Deathbound Duke’s Daughter: Erika Aurelia and the Angel’s Crypt

By Terasu Senoo and Munashichi. Released in Japan as “Shini Yasui Koushaku Reijou to Shichi-nin no Kikoushi” by M Novels (Futabasha). Released in North America digitally by J-Novel Club. Translated by Roy Nukia.

The second volume of the Erika Aurelia series sees her trying to prevent her death in Route Two of the otome game she played in her past life. That said, honestly, if you’re after otome game villainess novels you may find this wanting – Erika’s past life is important in determining her character as a whole, but rarely comes up in the text itself. Which simply leaves us with a fantastic action-adventure mystery series for young adults – and that’s fine by me. Erika ends up befriending her rivals, wandering into deathtraps, having to think her way out of deathtraps (and not always succeeding, though rest assured she is not killed off), and otherwise behaving just as I’d like a savvy eight-year-old with past-life memories to behave. Plus, in this book, there’s piles and piles of dragons. And if the villain seems a bit overly obvious, well, that’s what the extra chapters after the main story are for – this is not just Erika’s tale.

Erika and her father are headed to Ynys Negesydd, which is not in Wales, but is instead the capital of Ignitia, and they’re there for a royal banquet and also to watch a joust with dragons as the mounts. Erika is nervous as this is what sets up Death #2 on her list of things to avoid; her old self was rude to the first prince August, who is unable to ride dragons in a land where that is considered scandalous for royalty. Erika is unlikely to be as rude and obnoxious as her old villainous self, but she still has a tendency to speak her mind without thinking, so she could still be in trouble. Especially when August invites her to see the underground crypt rumored to hold the Beast of Contracts, and you start to realize that selling his soul to be able to ride dragons may be happening much faster than in Erika’s otome game.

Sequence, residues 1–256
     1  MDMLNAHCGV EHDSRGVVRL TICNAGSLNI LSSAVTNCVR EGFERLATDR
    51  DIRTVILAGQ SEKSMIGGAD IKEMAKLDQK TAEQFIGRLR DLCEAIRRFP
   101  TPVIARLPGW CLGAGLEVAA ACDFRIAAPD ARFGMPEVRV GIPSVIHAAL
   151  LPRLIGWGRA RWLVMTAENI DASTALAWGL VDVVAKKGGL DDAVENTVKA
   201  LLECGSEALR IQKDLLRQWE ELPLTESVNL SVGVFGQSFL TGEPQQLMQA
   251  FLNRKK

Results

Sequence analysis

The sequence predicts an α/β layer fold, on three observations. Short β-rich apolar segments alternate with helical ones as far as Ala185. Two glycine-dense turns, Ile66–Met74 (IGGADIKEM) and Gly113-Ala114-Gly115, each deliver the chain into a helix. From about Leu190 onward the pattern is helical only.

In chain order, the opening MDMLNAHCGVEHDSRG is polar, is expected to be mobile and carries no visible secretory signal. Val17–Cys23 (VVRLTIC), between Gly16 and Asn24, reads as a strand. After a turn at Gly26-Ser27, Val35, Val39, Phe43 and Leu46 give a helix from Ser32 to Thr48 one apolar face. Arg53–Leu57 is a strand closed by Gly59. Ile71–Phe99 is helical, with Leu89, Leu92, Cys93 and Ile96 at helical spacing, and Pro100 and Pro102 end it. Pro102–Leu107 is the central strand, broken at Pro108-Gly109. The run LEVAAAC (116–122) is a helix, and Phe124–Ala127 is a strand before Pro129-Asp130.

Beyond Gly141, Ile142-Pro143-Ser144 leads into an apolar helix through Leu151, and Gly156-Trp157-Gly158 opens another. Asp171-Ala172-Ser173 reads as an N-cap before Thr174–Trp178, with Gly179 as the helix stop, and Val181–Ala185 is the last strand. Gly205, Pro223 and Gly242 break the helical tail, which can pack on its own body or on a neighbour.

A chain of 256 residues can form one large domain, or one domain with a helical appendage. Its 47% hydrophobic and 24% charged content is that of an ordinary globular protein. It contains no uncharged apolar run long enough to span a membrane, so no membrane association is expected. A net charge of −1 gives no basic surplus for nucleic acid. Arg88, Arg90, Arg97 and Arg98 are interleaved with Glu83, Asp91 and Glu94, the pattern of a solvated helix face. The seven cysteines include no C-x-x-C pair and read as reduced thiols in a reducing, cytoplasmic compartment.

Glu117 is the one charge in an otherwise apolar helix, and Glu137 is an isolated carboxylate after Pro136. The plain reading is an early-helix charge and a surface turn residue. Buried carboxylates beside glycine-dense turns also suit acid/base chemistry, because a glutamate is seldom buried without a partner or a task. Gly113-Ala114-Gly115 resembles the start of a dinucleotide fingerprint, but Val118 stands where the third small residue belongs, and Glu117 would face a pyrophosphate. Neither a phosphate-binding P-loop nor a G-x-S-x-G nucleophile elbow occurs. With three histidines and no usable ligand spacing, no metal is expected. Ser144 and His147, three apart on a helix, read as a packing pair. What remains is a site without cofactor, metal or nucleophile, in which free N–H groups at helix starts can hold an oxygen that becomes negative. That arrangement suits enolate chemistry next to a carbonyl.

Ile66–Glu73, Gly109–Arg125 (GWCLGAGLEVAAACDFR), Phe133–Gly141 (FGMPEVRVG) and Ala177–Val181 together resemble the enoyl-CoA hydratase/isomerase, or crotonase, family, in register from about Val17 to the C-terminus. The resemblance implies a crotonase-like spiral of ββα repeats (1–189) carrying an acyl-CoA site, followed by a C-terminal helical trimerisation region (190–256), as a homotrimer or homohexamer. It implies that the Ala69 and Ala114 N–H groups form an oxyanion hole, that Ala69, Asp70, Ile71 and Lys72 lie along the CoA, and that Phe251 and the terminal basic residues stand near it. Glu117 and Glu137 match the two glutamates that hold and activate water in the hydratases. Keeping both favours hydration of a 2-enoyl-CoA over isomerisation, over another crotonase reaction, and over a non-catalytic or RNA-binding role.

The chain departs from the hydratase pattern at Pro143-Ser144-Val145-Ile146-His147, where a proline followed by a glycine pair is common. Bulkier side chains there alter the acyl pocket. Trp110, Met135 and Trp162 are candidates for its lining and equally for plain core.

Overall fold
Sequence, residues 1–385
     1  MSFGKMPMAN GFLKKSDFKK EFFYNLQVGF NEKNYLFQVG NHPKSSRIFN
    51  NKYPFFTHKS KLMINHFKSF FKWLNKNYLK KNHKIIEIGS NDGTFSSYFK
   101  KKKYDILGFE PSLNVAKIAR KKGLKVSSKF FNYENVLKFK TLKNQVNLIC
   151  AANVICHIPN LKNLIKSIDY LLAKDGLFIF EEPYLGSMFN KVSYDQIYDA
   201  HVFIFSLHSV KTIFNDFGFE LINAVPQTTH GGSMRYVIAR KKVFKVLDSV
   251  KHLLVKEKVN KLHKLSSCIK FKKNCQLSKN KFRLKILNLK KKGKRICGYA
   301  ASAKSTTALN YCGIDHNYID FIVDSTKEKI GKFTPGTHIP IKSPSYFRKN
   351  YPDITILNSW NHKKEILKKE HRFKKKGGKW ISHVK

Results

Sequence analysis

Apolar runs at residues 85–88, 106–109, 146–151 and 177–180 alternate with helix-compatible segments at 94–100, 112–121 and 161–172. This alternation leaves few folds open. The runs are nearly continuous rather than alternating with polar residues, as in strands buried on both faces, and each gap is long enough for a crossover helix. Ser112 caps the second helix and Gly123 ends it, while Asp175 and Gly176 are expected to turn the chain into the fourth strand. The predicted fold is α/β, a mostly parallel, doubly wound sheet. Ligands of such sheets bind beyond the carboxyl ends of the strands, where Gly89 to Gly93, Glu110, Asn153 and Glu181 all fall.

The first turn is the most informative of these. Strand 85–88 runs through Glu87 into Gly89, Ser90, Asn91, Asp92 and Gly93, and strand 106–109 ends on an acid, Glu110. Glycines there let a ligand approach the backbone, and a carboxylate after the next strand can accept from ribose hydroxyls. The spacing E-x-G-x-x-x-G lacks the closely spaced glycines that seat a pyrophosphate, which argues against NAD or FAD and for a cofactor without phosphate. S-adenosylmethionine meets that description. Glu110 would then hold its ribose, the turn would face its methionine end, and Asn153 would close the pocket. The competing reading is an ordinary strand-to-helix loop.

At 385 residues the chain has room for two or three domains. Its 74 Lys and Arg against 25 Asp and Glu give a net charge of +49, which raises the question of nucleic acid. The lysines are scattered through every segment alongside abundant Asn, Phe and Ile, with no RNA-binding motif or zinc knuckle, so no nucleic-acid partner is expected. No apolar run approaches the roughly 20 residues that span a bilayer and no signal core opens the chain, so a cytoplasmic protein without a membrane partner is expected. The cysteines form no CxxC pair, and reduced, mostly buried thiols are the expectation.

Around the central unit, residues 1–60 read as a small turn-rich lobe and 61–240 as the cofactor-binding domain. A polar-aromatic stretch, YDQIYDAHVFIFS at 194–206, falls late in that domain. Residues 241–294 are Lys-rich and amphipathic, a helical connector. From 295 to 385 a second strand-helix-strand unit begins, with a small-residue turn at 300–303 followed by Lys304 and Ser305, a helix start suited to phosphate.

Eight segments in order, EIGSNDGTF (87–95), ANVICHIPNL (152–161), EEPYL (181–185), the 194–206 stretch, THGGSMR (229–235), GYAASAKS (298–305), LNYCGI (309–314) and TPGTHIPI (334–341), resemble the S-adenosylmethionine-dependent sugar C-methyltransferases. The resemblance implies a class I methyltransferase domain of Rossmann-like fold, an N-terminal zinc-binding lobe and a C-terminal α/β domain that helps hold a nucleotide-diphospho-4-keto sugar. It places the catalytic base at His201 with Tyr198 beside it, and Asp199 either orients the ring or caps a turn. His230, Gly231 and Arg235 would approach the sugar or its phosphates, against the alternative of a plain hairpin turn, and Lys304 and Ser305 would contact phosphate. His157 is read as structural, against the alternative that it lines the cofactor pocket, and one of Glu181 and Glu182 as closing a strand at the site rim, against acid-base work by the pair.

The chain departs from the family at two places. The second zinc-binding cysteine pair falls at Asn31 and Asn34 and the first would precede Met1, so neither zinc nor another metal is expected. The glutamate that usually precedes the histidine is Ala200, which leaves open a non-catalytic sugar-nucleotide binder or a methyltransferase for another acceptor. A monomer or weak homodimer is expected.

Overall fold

There’s lots to like here. Erika is a great lead character, being very clever but also prone to making mistakes. Her past life, we are told, was filled with boys flocking around her and girls hating her, and honestly in this one, while she’s managed to avoid the latter, she still has the former. That said, the fact that everyone is pre-teen means the romance can be cute rather than annoying, especially given Erika right now has no feelings for anyone – and no sense of self-preservation, a fact noted by about half the cast. It’s also not a series that revolves entirely around her – her older brother has his own adventures, which seem to be just as if not more dangerous than her own, and there’s lots of bits of world building and lore that you know will pay off down the line but are just dropped casually here. Best of all, it’s simply thrilling to read.

Unfortunately, this may be all we get to read. While the webnovel this is based on has more material, Futabasha has not published a new volume in almost three years, so it seems to be cancelled. (This seems to be a problem with this publisher – see also The Epic Tale of the Reincarnated Prince Herscherik.) That said, if you’re looking for a fun YA novel with a great protagonist, you can’t really go wrong with Erika Aurelia.